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Home -> Community -> Usenet -> comp.databases.theory -> Re: Does Codd's view of a relational database differ from that ofDate&Darwin?[M.Gittens]
Jan Hidders wrote:
> VC schreef:
> > "Jan Hidders" <jan.hidders_at_REMOVETHIS.pandora.be> wrote in message
> > news:0ssue.127522$jg2.7110724_at_phobos.telenet-ops.be...
> > >
> > > The expression "for each x in e1 print e2" denotes "[ e2 | x <- e1 ]". Why
> > > do you think that apart from this there is some need to give a separate
> > > definition of "what print is in DAPLEX"?
> >
> > OK, let's assume you are right and the expression means what you are saying
> > it means, namely e2 is just a copy of e1, nothing more.
>
> ?? What do you mean with "e2 is just a copy of e1"? These can be and
> usually are very different expressions.
Ok, I think we are getting somwhere now that we are down to concrete formulas. You claimed previously that print is just an identity [*and* I assumed there was nothing else, no other function to apply]. Therefore, e2 == x, therefore, the target list is obtained by applying identity is the original list. I should have been more careful and said "the list obtained by applying e2 to the elements of the list defined by e1" instead of just "e2 is a copy of e1". I apologize for imprecise language. So, now we have the translation:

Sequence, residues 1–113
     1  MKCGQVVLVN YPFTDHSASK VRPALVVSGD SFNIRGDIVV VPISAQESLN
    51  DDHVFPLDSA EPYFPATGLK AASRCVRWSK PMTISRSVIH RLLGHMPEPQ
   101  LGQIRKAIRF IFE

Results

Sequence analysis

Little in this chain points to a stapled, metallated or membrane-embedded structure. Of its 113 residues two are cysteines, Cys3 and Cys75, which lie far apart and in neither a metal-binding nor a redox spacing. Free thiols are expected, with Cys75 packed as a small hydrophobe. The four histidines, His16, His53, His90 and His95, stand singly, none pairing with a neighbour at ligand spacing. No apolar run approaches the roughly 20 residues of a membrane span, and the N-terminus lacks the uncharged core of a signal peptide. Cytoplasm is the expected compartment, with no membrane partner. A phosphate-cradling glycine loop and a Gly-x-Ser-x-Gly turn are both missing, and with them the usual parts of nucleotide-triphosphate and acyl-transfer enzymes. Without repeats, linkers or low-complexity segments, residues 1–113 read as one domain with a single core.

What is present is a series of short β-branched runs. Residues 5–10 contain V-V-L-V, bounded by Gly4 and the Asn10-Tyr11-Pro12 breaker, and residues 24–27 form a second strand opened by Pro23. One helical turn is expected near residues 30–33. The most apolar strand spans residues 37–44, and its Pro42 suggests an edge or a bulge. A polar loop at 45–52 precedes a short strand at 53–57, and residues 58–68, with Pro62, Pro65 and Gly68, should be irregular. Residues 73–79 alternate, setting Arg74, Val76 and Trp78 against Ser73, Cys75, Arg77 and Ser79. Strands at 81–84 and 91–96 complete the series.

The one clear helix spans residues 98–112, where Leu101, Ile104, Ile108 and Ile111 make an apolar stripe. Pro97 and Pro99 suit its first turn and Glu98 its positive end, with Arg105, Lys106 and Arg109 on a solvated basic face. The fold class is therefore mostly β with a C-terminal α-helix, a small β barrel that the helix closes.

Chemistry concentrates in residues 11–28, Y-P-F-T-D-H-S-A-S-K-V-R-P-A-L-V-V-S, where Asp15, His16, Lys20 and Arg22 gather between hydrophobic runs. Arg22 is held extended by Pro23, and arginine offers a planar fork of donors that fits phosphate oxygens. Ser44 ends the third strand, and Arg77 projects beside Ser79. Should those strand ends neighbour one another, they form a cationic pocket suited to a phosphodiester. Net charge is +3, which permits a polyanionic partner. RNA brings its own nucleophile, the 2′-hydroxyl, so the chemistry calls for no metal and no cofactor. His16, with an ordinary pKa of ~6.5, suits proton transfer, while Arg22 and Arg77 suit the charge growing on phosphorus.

"for each x in e1 print e2" ==> [ e2 | x <- e1 ]"
Let's assume that e2 = getName x. The target list will then evaluate to:
["John", "Peter",...,"Luke"]. Still no characters on the screen. How come ?
>
> > A simple
> > experiment would show there is somethng else going in addition to merely
> > mapping the original list to its copy.
>
> The list is only mapped to its copy if the function \x.e1 ('\' denoting
> lambda) is the identity function and that is of course not necessarily
> true. Perhaps you are confused by the Haskell notation here?
See above. I corrected my mistake.
>
> -- Jan Hidders
Received on Thu Jun 23 2005 - 07:36:20 CDT